Chapter 15 - If They Were Using Laughing Gas, Why Are You So Glum?
Chapter 16 - Don’t Fence Me Out
Chapter 17 - Facing the New Challenges
Chapter 18 - Against All Odds, It’s Race Time
Chapter 19 - Something Is Happening Here, What It Is Ain’t Exactly Clear
Chapter 20 - A Hot Wind Blows
Chapter 21 - Turn Out The Lights on the CUHA...An Era Ends
Chapter 22 - Let’s Do It Just One More Time
Chapter 23 - A Long Day Into Night
Chapter 24 - Could It Really Be Over?
Chapter 25 - Folding The Tents
Chapter 26 - Leaving The Door Open
Chapter 27 - From the Sports Page to Op Ed
Chapter 28 - Thou Art Banished
Chapter 29 - A Hard Wind Blowing
Chapter 30 - Speaking Through The Ballot Box
Chapter 31 - Standing On The Corner
Bibliography and Sources of Information
In the minutes following the accident, I returned to the pit area sea wall, and watched as they transferred Slovak from the rescue craft to the ambulance. The complete transfer from the time of the accident until Slovak was in the ambulance took an estimated six minutes and seventeen seconds.
From interviews given by Col. Gardner after the accident, we can get a relatively clear idea of the situation that he encountered when he dove from the deck of Notre Dame to save his friend.
“I was running in the slot behind Mira and Exide as we passed the barge. Exide was near the middle of the chute. As we neared the turn, Bill Muncey and Miss Thriftway rushed by on the outside. It was just as if Exide fell into a hole. I cut my mixture control and jumped into the water. I thought I had slowed, but I sure bounced a few times.”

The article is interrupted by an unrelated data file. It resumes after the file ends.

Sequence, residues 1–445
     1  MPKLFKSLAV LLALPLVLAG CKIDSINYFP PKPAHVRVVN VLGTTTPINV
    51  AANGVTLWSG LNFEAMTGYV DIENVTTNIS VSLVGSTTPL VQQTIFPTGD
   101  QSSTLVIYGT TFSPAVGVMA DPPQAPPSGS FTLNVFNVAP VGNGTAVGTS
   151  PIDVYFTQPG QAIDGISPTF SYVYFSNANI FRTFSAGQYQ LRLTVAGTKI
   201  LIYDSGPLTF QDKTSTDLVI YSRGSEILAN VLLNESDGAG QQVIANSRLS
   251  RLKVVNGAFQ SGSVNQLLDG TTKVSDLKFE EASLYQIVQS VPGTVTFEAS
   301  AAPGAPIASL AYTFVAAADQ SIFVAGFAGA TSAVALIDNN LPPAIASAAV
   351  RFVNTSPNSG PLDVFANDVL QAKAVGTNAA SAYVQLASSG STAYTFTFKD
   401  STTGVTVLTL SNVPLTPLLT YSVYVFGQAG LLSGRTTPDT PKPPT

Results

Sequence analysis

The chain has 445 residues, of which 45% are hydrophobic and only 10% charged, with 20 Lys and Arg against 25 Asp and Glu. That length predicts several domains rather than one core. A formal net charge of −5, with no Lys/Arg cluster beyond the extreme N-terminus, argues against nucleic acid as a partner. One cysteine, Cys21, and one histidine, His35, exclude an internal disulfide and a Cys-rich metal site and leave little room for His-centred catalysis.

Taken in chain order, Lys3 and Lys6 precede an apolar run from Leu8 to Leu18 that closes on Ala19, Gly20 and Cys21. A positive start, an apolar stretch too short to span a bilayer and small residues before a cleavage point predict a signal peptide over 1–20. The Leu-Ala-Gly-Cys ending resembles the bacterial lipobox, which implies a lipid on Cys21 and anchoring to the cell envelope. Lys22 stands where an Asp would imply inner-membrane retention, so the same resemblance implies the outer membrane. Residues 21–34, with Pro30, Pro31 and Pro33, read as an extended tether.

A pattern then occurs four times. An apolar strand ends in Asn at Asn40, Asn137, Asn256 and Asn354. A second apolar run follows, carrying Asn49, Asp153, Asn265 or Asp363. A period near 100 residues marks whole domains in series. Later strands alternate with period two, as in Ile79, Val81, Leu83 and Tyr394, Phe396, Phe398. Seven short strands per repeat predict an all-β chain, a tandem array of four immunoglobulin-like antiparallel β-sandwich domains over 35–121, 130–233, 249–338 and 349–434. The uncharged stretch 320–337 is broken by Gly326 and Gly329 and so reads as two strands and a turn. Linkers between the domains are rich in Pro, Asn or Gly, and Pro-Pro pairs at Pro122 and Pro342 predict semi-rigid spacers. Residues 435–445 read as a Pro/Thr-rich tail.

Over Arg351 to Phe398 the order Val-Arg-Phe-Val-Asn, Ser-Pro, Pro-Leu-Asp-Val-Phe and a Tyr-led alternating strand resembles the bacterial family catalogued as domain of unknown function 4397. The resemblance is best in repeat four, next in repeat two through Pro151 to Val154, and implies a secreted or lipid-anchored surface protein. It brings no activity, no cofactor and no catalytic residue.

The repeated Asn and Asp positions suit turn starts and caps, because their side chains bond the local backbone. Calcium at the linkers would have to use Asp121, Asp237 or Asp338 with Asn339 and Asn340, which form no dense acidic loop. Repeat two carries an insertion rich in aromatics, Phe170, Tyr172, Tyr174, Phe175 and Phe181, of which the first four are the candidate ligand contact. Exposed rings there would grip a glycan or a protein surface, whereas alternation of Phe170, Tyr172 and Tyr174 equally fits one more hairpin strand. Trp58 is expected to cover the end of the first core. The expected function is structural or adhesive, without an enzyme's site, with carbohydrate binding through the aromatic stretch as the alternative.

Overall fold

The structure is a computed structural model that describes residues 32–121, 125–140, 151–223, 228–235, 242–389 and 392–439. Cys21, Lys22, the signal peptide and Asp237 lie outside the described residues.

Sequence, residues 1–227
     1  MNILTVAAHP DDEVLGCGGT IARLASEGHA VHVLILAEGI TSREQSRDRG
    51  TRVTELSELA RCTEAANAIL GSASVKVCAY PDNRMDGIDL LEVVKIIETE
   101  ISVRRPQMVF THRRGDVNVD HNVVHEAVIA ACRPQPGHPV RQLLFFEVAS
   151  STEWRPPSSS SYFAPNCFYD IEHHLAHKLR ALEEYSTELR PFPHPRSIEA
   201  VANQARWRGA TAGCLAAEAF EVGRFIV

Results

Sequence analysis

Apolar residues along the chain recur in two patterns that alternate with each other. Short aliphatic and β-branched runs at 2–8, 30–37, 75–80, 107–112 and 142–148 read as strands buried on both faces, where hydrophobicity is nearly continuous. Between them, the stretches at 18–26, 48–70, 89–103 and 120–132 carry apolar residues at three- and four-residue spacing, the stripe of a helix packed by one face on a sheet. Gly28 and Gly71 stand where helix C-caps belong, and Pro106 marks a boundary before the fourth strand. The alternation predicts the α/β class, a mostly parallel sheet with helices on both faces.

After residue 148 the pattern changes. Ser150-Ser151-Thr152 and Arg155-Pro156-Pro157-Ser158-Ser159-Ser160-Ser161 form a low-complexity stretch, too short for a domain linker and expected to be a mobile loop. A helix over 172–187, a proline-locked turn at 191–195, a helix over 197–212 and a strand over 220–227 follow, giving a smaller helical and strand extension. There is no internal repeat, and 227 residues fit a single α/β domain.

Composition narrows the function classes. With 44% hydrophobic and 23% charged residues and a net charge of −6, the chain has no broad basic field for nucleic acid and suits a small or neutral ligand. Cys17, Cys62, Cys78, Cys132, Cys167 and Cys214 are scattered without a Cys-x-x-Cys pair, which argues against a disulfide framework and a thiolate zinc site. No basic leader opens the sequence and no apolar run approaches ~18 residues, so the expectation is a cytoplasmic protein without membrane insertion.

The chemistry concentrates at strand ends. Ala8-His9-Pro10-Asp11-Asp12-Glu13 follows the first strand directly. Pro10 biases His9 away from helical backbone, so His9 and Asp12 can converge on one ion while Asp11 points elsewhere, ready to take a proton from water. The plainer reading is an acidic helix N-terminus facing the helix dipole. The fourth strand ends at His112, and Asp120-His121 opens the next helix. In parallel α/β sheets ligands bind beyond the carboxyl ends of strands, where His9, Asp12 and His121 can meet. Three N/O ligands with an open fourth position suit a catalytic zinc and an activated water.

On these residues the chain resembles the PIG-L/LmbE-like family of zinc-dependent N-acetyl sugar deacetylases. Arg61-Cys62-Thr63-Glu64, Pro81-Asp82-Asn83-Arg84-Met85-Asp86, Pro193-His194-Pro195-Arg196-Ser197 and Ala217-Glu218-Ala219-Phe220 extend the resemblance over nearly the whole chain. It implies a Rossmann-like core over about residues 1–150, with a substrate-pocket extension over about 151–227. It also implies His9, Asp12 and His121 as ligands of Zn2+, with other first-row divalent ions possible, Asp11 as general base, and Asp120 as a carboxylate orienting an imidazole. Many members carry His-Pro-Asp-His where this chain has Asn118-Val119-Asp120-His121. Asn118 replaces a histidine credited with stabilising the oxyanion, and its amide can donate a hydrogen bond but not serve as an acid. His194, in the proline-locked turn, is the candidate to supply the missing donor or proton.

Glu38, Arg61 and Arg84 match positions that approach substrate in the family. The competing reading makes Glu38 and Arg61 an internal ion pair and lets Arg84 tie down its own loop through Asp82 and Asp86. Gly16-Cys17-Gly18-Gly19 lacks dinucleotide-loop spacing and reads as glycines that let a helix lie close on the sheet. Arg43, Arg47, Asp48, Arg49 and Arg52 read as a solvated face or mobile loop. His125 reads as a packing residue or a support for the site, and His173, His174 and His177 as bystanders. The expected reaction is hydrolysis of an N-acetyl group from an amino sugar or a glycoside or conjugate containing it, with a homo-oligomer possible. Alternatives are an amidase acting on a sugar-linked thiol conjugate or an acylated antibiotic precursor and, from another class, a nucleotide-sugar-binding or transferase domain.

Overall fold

Gardner jumped into the water and swam the twenty feet from his boat to the wreckage and Slovak. He took no time to remove his boots, helmet, or driving suit. Also arriving on the scene was Bob Schroeder and the Tempo.
“I took one look and thought, ‘he’ll never survive’”, said Gardner.
“It was just like the Seattle Too accident – exactly,” Gardner continued. “At first, all I could see was the debris. Then I spotted the Exide’s checker tail under the water, and saw Slovak floating next to it. Fortunately, the water is clear, and I spotted his yellowish lifejacket.”
“I went in after him. He was flopping around, trying to get his face out of the water. He was unconscious when I reached him. His head was laying to the right on the collar of his life jacket. He was bleeding badly from a cut just under his lower lip, so I held him up until the boat came.
“Before the patrol boat got there,” Gardner said, “Mira began fumbling for me. I thought at the time that he must have injured his right arm because he kept trying to turn to the left and grabbed out with his left hand.”
“I just tried to keep his head out of the water until the patrol boat arrived.”
Slovak was reportedly mumbling incoherently as he was taken from the boat and placed in the ambulance at the foot of the Third Street boat launch incline. Slovak was rushed from there to the nearby Lake City General Hospital where Dr. Bud Barclay and Dr. Randy Pillow examined and treated him. Pillow was from Seattle and was the medical officer of Unlimited Racing Commission.